Some politicians have been absolutely prophetic in warning of the financial train wreck that is now rolling over people at the local, state and federal level. These prophetic politicians have been without honor among those who preferred to party hard and let someone else pay the bill. The politicians who have shaped the current social welfare model of government were freely elected by those who were the beneficiaries of that model. Those politicians manipulated markets and outcomes to suit their own political agenda. The bill for their failure, calculated in the trillions of wasted dollars, will now fall on the backs of working men and women as well as their children and grandchildren.

9

Richard 10.21.10 at 2:48 pm

I haven’t heard anyone “demonizing success” here. But enormous wealth in the face of a neighbour’s poverty? That’s at least worth questioning. No one wants to turn back time. But many of us wonder if the way that we’ve come to manage our economy is the best way. You don’t buy into the myth of relentless progress, do you Earl? And it’s astonishing that the blame for the current financial mess is being laid at the door of the ‘welfare culture’ when we all know that it was triggered by greedy money-men who got too clever by half. You’ll be justifying short selling next.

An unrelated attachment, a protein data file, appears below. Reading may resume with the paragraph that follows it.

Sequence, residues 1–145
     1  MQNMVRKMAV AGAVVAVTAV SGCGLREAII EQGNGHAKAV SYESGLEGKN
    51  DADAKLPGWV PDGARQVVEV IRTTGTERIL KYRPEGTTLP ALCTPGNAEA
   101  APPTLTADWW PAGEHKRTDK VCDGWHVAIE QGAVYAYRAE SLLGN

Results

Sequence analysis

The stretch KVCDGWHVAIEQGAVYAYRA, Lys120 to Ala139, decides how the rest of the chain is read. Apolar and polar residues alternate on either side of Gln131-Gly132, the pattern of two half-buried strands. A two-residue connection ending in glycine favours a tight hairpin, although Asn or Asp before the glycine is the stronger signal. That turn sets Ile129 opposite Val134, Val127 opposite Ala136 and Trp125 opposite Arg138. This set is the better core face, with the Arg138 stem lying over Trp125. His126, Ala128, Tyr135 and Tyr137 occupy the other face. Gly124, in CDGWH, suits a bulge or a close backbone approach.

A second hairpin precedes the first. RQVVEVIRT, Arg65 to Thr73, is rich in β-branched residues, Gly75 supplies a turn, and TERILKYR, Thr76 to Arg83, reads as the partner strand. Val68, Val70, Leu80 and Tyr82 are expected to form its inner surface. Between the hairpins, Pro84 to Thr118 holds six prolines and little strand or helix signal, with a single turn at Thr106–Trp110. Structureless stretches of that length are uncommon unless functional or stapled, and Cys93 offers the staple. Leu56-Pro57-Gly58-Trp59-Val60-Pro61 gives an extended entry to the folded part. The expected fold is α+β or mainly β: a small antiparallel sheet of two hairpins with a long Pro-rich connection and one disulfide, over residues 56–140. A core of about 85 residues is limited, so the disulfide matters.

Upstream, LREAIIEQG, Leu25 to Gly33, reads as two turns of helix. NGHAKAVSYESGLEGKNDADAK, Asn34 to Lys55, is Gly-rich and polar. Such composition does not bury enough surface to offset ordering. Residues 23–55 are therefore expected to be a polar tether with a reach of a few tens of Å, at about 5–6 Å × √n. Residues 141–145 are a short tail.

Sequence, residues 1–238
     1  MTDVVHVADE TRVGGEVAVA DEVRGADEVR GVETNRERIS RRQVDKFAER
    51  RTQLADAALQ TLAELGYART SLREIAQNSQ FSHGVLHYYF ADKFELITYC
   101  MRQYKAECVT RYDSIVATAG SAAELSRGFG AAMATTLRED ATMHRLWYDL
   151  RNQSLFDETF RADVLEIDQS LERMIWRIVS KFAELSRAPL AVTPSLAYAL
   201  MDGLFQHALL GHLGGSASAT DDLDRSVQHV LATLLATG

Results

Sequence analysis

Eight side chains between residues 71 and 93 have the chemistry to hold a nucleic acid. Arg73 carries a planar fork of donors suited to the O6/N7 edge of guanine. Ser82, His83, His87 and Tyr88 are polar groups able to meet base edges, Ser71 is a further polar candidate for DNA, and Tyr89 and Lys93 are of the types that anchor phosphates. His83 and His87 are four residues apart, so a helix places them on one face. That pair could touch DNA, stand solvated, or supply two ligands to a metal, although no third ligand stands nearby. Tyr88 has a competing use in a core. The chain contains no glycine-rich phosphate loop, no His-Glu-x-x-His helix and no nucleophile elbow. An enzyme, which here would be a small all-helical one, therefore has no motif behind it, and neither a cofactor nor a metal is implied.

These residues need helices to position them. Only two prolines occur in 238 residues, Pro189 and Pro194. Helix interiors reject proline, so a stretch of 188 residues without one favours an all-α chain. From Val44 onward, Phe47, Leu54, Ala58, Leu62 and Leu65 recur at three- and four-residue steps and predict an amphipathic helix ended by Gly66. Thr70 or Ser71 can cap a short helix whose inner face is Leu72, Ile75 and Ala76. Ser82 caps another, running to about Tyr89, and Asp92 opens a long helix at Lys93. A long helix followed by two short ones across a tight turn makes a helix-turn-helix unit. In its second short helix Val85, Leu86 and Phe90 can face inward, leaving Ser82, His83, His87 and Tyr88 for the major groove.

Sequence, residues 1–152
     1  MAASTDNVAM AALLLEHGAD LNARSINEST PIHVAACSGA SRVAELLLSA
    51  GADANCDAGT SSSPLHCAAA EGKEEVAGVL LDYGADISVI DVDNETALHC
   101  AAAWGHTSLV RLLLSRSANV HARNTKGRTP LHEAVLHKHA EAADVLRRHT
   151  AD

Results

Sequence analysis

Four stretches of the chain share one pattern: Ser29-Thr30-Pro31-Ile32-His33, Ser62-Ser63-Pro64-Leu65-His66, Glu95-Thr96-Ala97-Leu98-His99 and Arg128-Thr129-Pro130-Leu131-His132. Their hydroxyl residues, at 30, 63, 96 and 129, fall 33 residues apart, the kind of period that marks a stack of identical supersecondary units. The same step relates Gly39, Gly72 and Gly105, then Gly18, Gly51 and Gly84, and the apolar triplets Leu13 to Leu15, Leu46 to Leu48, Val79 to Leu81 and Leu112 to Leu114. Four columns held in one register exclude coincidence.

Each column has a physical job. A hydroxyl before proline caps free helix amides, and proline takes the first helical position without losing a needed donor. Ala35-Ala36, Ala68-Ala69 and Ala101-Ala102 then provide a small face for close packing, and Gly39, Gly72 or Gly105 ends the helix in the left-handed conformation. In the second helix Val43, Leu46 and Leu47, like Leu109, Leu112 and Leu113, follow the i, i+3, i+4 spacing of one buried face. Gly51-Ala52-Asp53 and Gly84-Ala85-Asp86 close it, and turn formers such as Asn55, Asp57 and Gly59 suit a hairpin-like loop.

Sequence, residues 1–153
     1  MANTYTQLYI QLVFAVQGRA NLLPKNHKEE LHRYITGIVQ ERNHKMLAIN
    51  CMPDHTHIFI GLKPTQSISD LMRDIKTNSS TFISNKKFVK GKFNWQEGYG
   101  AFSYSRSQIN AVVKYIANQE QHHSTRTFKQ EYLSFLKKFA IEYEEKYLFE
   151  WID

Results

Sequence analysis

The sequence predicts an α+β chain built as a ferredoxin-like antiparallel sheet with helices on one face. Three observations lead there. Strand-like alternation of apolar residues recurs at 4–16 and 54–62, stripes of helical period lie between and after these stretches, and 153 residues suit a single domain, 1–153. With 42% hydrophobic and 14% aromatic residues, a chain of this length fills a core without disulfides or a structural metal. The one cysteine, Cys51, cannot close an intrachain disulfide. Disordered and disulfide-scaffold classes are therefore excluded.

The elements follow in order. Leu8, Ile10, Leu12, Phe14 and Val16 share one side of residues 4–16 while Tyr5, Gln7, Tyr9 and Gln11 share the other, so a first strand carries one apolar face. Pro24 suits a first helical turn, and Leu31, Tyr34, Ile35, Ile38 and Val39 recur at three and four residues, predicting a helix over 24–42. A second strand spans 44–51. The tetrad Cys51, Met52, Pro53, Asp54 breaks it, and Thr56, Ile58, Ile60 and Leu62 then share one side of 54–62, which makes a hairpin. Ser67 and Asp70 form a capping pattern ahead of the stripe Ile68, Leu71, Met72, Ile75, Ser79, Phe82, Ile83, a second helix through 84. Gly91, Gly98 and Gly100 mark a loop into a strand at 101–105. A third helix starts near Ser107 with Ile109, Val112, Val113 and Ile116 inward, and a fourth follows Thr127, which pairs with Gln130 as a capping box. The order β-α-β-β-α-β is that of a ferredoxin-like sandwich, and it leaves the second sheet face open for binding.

Incidentally, any comments mentioning s o c i a l i s m are likely to go into the moderation queue. There’s a reason for that which has nothing to do with politics.

10

Kim 10.21.10 at 3:27 pm

And it’s astonishing that the blame for the current financial mess is being laid at the door of the ‘welfare culture’ when we all know that it was triggered by greedy money-men who got too clever by half. You’ll be justifying short selling next.

“Astonishing”? It’s positively Orwellian.

11

Tim Chesterton 10.22.10 at 4:41 am

These prophetic politicians have been without honor among those who preferred to party hard and let someone else pay the bill.

Seems to me that in the USA today the ones who are partying the hardest are the ones who control the military spending.